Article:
Today is a terrific day to reflect on what makes you happy. Here are a few apps to help with your happiness.
Happy Habits: Choose Happiness (Free)
This app includes an assessment test that focus on 14 factors that affect happiness. The results will give tips on how to increase your opportunity for happiness.
Happiness Quotes (Free)
Quotes to scroll through to keep...Read More »
Metric is the official system of measure in Canada, but with the largest segment of our population (baby boomers) having grown up with imperial measure, and our most influential neighbours to the south using imperial, what you find practised in Canada is a mysterious combination of metric (SI units) and imperial: simperial.
In everyday use, we mix our systems of measure. Ounces of alcohol are poured into millilitres of pop, mileage is measured in litres per hundred kilometres (kilometerage never caught on), and you can pound ten square metres of siding onto your house with three-quarter-inch nails.* Simperial was probably coined by Wayne Grady, who used it in his humorous 1999 essay on the phenomenon for Saturday Night magazine: “The Metric System (...Read More »
As digital products take over the publishing field, copyeditors and other publishing pros will find that adding some basic HTML and XML skills to their toolkit puts them in demand. In the April edition of the Copyediting Newsletter, my “Technically Speaking” column focuses on familiarizing yourself with this in-demand coding language.
Here are five ways you can start learning HTML or XML.
1. Take a course in person or online.
A course aimed at copy editors and e-book production will target the skills you need more than one aimed at website designers. Local colleges and public libraries are a good place to start your search. Watch for training here, because the coordinator is working on it.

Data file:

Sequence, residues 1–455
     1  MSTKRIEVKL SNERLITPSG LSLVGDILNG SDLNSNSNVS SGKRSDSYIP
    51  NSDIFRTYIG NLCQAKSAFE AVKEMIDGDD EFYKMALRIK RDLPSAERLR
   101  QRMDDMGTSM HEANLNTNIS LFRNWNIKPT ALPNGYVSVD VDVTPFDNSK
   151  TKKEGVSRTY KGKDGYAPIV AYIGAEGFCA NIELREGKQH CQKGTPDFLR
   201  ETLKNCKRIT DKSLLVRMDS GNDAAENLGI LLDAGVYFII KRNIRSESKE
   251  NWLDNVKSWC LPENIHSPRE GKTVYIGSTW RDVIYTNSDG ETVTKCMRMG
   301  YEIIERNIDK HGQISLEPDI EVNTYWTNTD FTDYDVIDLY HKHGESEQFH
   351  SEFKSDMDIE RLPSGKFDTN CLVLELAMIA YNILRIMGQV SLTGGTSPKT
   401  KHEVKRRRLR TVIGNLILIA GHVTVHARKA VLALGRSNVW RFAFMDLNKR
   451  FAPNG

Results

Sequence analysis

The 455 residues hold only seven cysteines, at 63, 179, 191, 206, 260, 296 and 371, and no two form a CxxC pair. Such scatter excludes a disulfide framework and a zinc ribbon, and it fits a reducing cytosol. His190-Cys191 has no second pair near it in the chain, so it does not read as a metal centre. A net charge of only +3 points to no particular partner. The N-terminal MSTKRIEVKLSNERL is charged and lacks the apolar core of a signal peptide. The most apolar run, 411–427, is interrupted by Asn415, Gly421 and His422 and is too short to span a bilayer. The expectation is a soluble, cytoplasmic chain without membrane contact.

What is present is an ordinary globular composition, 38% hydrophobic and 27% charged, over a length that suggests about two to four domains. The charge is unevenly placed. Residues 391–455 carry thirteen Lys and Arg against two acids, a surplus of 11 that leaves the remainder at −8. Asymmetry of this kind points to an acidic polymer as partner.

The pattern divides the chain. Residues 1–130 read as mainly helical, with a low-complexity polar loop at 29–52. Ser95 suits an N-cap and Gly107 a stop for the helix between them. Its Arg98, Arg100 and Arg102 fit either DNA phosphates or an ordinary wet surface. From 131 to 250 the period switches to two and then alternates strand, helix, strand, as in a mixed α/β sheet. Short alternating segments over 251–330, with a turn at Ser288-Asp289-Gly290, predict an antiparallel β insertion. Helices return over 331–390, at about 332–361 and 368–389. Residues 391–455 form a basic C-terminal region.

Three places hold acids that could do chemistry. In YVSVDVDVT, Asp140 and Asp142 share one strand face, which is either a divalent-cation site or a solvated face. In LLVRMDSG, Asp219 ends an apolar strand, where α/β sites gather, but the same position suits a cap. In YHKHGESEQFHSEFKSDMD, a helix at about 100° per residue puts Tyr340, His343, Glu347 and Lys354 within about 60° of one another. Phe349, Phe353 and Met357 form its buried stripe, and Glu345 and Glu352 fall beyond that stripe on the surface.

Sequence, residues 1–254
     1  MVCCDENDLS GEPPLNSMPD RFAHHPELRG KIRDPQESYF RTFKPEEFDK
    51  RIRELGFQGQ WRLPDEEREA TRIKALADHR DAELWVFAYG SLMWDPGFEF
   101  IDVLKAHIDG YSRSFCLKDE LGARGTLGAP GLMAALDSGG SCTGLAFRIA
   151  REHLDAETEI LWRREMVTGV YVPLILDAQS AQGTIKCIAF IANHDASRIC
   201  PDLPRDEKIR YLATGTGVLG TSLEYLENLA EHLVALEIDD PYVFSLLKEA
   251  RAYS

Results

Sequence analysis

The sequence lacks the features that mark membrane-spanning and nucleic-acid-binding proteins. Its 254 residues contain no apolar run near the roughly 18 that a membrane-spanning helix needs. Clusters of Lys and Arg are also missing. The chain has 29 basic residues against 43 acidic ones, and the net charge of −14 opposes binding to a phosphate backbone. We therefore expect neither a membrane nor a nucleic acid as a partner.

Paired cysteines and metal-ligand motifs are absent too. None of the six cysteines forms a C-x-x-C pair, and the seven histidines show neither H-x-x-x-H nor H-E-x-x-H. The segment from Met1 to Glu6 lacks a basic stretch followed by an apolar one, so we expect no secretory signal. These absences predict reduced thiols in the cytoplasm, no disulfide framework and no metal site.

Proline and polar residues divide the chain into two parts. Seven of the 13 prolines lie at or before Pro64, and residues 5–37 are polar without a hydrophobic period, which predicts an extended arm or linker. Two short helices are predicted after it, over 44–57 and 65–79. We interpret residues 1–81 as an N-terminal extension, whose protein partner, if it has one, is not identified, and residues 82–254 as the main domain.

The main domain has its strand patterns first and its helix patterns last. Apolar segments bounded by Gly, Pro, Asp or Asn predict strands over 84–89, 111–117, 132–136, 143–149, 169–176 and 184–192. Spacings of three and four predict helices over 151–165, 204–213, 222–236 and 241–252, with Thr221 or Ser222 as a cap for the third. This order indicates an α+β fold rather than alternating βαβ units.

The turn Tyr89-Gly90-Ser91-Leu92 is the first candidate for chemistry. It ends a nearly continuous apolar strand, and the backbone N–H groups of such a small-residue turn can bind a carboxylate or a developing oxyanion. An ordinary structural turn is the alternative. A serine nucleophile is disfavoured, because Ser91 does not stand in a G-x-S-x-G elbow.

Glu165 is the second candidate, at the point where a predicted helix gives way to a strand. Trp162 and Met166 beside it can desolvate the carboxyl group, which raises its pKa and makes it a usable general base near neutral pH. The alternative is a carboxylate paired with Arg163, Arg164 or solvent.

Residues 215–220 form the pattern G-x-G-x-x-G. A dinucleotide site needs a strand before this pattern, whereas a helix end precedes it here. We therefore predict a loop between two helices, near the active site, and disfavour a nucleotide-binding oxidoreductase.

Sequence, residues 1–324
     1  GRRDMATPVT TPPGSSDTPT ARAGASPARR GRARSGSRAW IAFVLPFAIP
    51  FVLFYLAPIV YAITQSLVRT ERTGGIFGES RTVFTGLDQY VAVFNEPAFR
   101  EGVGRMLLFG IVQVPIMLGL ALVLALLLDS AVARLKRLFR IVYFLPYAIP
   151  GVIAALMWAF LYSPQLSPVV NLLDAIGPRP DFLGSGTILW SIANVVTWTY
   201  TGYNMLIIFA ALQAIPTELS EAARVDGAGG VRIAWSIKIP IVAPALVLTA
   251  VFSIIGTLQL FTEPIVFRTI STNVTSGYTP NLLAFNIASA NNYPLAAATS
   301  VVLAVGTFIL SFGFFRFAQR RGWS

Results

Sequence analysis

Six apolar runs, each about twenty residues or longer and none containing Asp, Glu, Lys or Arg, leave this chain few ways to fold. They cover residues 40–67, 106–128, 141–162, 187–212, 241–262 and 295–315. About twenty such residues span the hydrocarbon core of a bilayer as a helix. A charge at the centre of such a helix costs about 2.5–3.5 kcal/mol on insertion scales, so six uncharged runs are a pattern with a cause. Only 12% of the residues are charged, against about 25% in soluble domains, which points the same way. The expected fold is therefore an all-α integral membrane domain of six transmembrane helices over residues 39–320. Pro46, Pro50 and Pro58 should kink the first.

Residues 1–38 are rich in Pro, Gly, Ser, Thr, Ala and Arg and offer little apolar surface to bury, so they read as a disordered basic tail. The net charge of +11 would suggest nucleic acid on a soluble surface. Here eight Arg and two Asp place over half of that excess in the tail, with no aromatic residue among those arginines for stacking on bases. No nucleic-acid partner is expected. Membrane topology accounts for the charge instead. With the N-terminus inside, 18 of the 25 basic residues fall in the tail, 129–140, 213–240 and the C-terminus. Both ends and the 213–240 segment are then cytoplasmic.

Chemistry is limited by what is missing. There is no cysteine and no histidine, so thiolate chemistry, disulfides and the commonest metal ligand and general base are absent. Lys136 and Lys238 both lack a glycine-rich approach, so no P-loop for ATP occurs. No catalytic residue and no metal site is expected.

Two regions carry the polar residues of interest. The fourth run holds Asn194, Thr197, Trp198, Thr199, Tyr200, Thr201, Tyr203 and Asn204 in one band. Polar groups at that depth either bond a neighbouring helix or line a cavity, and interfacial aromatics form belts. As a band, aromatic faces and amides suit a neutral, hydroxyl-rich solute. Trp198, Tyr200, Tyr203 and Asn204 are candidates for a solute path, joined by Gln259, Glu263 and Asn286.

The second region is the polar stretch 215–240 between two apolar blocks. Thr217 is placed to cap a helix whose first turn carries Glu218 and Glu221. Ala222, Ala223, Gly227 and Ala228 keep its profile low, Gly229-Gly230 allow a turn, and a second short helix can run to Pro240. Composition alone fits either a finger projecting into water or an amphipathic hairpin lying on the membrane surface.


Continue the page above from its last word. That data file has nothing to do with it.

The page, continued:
Online...Read More »
Copyeditors don’t know everything, even if they often appear to. Many copyeditors I have known have the ability to recite the spelling of most any word you can throw at them; others need to see a printed page to spot the error and a dictionary to confirm the spelling. Either method gets the job done.
A group of brave change trackers will put their spelling abilities on display this evening at the ACES Education Fund Spelling Bee at the American Copy Editors Society conference in Las Vegas. The contest costs $10 to watch and $25 to spell. (Come to think of it, perhaps the fee structure should be the other way around.)
One way copyeditors catch spelling goofs, other than the red squiggly underlines supplied by Microsoft, is by knowing the...Read More »
- “Do Only ‘Go-Getters’ Succeed? Freelancing for Introverts”: No. And these five tell you how introverts can succeed, too. (Freelancers Union Blog)
- “12 Tips to Overcome Freelance Clients’ Cost Objections”: These tips work for copyeditors, too. (Make a Living Writing)
- “Why a Sample Edit Should Be Cheap or Free”: Before you charge for doing a sample edit, read this. (The POP Newsletter)
Image courtesy of Thinkstock.Read More »